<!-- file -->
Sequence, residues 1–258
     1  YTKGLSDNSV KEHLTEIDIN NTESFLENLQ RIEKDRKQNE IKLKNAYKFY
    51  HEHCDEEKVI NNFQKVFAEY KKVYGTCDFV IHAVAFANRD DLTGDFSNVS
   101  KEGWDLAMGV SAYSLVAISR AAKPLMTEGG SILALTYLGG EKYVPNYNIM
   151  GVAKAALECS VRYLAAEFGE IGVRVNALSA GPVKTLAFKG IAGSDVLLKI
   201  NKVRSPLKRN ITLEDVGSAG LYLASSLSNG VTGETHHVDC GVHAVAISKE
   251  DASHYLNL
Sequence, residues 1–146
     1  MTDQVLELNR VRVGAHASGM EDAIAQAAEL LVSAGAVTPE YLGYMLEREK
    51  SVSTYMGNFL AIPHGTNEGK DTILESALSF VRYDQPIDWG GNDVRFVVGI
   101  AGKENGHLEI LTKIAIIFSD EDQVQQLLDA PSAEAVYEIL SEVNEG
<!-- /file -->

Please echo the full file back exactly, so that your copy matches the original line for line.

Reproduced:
Sequence, residues 1–258
     1  YTKGLSDNSV KEHLTEIDIN NTESFLENLQ RIEKDRKQNE IKLKNAYKFY
    51  HEHCDEEKVI NNFQKVFAEY KKVYGTCDFV IHAVAFANRD DLTGDFSNVS
   101  KEGWDLAMGV SAYSLVAISR AAKPLMTEGG SILALTYLGG EKYVPNYNIM
   151  GVAKAALECS VRYLAAEFGE IGVRVNALSA GPVKTLAFKG IAGSDVLLKI
   201  NKVRSPLKRN ITLEDVGSAG LYLASSLSNG VTGETHHVDC GVHAVAISKE
   251  DASHYLNL
Sequence, residues 1–146
     1  MTDQVLELNR VRVGAHASGM EDAIAQAAEL LVSAGAVTPE YLGYMLEREK
    51  SVSTYMGNFL AIPHGTNEGK DTILESALSF VRYDQPIDWG GNDVRFVVGI
   101  AGKENGHLEI LTKIAIIFSD EDQVQQLLDA PSAEAVYEIL SEVNEG